The third aim of the political initiative – towards which the promoting associations started working long before the European elections in May 2019 – is to help bring EU consumer policy (and with it the diverse consumer movement) closer to achieving the objectives established by the SDGs and the 2030 Agenda: the SDGs provide guidelines for the sustainable transformation of all policy areas, including consumer policy. Consequently, no actor – whether public or private – engaged in the implementation of consumer policies can be considered as exempt from providing their own contribution towards achieving the objectives of the 2030 Agenda.
In this sense, the Inter-institutional Group’s contribution will be:
- a) To act as an awareness rising catalyst across Europe for civil society, business, research, media, etc. at local, national, and European level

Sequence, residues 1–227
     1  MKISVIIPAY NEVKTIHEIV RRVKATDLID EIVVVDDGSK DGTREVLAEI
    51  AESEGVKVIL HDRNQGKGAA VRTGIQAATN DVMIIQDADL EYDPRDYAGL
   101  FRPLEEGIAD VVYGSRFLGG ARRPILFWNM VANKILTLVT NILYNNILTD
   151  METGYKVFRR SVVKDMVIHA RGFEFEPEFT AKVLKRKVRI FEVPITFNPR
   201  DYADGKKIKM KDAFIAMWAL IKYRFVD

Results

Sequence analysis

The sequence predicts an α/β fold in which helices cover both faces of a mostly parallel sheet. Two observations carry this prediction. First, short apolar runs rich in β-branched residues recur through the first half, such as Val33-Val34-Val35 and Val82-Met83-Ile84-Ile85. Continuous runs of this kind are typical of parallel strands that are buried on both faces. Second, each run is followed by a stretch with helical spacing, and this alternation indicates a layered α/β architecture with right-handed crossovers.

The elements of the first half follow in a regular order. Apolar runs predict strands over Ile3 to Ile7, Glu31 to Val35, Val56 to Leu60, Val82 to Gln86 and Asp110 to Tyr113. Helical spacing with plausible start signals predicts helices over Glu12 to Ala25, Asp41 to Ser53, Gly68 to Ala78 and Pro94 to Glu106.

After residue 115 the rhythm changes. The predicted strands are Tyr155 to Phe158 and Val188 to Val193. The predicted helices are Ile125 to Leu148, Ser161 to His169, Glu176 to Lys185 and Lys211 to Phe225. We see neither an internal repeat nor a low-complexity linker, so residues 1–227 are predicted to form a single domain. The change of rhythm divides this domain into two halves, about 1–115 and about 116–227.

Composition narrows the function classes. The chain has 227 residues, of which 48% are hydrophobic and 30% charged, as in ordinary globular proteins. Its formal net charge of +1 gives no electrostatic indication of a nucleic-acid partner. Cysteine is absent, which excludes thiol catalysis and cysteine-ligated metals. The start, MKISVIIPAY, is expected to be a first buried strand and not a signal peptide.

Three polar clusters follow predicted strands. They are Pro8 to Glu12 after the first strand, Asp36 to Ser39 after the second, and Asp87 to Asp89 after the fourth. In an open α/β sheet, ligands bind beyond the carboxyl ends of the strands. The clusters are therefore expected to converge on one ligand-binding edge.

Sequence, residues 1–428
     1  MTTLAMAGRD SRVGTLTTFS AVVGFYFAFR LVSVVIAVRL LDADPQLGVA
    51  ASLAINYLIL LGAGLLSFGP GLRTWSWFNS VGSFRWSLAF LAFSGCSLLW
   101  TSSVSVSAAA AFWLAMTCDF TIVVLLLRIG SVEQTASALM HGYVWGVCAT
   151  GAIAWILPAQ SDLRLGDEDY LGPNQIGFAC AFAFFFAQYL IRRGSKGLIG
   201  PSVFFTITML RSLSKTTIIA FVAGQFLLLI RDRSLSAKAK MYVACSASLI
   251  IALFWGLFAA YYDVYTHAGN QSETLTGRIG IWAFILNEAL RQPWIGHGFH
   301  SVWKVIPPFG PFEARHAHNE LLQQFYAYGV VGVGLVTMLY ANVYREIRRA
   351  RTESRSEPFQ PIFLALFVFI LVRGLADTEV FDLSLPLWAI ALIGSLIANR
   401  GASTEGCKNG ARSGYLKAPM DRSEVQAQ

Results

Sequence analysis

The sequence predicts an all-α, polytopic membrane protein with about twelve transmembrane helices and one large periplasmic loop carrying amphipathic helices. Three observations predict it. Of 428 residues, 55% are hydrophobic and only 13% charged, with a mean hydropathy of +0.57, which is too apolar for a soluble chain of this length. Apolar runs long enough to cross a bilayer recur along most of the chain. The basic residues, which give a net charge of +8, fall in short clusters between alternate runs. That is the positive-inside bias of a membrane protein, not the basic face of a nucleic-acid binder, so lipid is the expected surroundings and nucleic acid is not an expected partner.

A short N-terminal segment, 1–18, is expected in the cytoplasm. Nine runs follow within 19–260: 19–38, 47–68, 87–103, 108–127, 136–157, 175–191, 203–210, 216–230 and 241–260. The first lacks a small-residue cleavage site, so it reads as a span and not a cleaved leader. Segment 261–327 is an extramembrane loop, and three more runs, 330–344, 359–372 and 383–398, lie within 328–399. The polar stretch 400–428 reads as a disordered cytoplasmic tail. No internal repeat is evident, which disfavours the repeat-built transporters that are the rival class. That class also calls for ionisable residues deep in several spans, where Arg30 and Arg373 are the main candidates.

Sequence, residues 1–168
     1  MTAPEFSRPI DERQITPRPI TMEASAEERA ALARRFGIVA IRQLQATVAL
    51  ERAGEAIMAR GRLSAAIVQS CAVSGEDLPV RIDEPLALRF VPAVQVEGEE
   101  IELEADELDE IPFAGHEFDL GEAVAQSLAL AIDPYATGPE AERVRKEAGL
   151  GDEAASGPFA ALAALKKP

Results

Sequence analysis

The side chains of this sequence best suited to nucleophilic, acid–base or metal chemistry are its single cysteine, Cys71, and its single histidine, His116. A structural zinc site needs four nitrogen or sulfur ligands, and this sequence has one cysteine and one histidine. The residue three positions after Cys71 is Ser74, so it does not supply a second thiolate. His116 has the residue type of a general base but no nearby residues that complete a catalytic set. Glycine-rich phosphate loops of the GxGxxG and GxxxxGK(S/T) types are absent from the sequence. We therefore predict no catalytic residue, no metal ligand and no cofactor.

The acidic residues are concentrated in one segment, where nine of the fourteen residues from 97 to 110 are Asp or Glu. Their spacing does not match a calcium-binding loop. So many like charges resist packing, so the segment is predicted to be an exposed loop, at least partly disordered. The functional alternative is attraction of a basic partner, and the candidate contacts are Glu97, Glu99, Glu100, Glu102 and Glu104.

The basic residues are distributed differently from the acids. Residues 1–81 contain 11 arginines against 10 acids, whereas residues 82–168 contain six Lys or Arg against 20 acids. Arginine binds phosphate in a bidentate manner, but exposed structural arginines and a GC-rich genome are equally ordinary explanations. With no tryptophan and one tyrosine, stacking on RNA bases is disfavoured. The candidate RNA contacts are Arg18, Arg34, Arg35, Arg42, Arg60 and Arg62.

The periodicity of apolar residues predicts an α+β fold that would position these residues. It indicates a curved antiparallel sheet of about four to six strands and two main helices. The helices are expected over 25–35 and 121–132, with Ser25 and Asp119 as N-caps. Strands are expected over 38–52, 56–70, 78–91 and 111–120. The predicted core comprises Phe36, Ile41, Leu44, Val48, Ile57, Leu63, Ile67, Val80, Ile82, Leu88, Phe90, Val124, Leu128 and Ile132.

- b) To act as a dialogue facilitator between the European institutions and stakeholders active in specific fields
- c) To act as an incubator of good practices in order to facilitate the process of exchanging and disseminating best practices geared towards enabling EU citizens to make sustainable choices.
No one left behind
As responsible consumption and production is increasingly prioritised, no one should be left behind in the green transition. As underlined last November in the context of the XII Citizen’s Energy Forum, which was promoted by the EU Commission, when the global population reaches 10 billion, experts warn that the equivalent of almost three planets would be required to provide the natural resources needed to sustain current lifestyles. A worrying idea in itself, this is made all the more concerning by the fact that the global population could reach this number by 2050!